Canadian blues rock duo Black Pistol Fire (Kevin McKeown and Eric Owen) have put together their fourth LP Deadbeat Graffiti, a bold project that further establishes the band as one of the prominent rising rock acts. Personally, I feel that the blues rock genre has grown a bit stale over recent years. While blues rock/garage rock flourished in the early-mid 2000s thanks to bands like The White Stripes and The Black Keys, my main problem with many of the genre’s contemporary products is that they lack much originality and tend to fall back on stylistic cliches. With that in mind, Deadbeat Graffiti is a refreshing project that shines thanks to its energetic performances.
The first track “Lost Cause” features a down and dirty opening guitar riff that sets the tone for the rest of the album. This track feels similar to the older work of The Black Keys thanks to the busy rhythm section and gruff guitars. Right from the beginning, one of the most notable characteristics of Black Pistol Fire’s sound is just how layered it is despite there being only two members. McKeown’s guitar work creates a powerful drive that leads the track and it smoothly fits in with Owen’s rattling percussion. McKeown’s guitar skills are perfectly showcased in the following track “Bully” which begins with cleaner guitar plucking that eventually evolves into a piercing solo that will ingrain itself in listeners’ minds. The track “Last Ride” is easily comparable to the more recent work from Arctic Monkeys due to the echoed vocals and fuzzy guitars, though I actually prefer this sound over the aforementioned garage rock heavyweights. The vocals carry more personality and the guitar licks are distinctively catchier.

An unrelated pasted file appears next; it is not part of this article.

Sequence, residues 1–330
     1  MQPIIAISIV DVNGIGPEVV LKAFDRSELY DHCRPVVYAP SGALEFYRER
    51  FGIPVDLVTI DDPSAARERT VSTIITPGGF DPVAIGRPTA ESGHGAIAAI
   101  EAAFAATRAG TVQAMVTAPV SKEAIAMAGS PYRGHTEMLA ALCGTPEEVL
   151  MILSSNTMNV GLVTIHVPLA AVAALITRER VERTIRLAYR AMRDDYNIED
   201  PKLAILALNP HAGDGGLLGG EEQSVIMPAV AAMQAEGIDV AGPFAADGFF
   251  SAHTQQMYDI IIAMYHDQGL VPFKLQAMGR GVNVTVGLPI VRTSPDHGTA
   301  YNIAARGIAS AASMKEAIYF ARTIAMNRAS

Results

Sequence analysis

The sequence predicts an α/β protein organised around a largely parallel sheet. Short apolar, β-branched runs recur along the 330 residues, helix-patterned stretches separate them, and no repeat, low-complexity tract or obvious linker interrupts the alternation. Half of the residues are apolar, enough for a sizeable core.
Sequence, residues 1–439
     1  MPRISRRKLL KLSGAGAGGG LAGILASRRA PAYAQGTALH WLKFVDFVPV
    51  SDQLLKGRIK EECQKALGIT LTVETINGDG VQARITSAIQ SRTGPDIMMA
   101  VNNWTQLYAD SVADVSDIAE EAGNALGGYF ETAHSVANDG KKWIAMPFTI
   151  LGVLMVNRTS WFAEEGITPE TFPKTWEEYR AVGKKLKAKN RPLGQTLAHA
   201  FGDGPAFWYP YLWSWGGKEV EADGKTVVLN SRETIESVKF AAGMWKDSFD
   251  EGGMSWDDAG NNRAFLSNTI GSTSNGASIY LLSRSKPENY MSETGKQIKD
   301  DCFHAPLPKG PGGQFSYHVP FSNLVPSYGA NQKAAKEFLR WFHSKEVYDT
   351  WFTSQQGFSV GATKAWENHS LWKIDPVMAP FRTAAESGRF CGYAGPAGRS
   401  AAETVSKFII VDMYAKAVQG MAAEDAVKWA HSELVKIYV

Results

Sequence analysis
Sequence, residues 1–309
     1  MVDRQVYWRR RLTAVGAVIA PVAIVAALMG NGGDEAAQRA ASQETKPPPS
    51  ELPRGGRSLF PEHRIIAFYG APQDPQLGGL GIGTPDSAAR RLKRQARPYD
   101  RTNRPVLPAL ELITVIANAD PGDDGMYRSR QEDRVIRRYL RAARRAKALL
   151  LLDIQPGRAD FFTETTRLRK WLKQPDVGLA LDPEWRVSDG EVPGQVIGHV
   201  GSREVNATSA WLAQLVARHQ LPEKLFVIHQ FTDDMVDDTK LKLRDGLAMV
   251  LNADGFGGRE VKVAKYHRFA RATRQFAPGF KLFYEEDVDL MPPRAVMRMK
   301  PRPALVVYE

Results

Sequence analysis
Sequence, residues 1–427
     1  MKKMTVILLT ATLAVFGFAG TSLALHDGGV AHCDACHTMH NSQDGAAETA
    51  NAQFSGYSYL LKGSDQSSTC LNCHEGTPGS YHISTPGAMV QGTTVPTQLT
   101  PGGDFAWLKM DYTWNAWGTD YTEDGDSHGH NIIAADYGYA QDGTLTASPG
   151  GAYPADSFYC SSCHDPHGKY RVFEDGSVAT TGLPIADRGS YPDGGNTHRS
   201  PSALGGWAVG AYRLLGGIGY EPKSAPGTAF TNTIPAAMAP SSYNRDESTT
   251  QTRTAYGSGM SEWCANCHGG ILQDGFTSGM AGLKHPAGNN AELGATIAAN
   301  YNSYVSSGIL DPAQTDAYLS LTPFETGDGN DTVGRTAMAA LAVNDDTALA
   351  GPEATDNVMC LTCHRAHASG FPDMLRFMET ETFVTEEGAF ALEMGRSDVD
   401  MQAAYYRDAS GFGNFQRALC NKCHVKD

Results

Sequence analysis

This is one of the most prominent positives to Black Pistol Fire. They possess far more personality than a good number of other acts within their genre. For example, the track “Fever Breaks” features an incredibly strong vocal performance from Mckeown. His heart-wrenching voice resembles a passionate cry that longs for something more. This vocal inflection paired with the brighter guitars feels similar to Alabama Shakes, one of the best acts within the genre today. While Deadbeat Graffiti brings a good amount of character that many garage rock/blues rock acts lack nowadays, there are plenty of other influences found throughout the project. ”Don’t Ask Why” and “Eastside Racket” are short and sweet tracks featuring gut punching rhythm sections and explosive guitar riffs that draw comparisons to older hard rocks acts. McKeown’s vocals even carry a hint of Bon Scott influence which give these tracks a raw, unhinged presentation. “Watch it Burn” includes some folk influence with softer vocals that echo over the crystal clear acoustic guitar work. This track offers a bit of breathing room in the album by presenting a quieter moment in which listeners can step back from the rattling energy presented throughout the rest of the album. The LP’s most interesting moment comes from “Coattail Rider.” This track opens with a psychedelic guitar riff that eventually transforms into a funkier rhythm that feels closer to Gorillaz work on Demon Days, of all things. It’s definitely an unexpected moment, but not to the point where it feels forced or out of place. Like “Watch it Burn”, “Coattail Rider” offers a more diverse moment within the album and gives listeners a break from the more straightforward blues rock found in prior tracks.
My complaints with Deabeat Graffiti are few and far between. My main gripe with it falls onto the closing track “Yet Again.” This track isn’t inherently bad though it feels like an anticlimactic note to end on given the high-octane nature that the rest of the album puts forth. The guitars and rhythm section are respectable but they lack the earworm capabilities of previous songs. While listening to it, I couldn’t help but feel like a handful of other tracks could have been better choices for closing numbers, such as the previously mentioned “Fever Breaks” or “Coattail Rider” which are some of the most memorable moments on the album and really could have left a stronger lasting impression on listeners. This is really more of a nitpick though, seeing as how the track itself is fine and doesn’t necessarily diminish the overall quality of the album.
With Deabeat Graffiti, Black Pistol Fire have breathed new life into an oversaturated genre. McKeown and Owen’s output is high-energy and sincere, putting forth catchy hooks and passionate vocals. With memorable songs and daring performances, Black Pistol Fire have put together one of the best rock releases of the year thus far.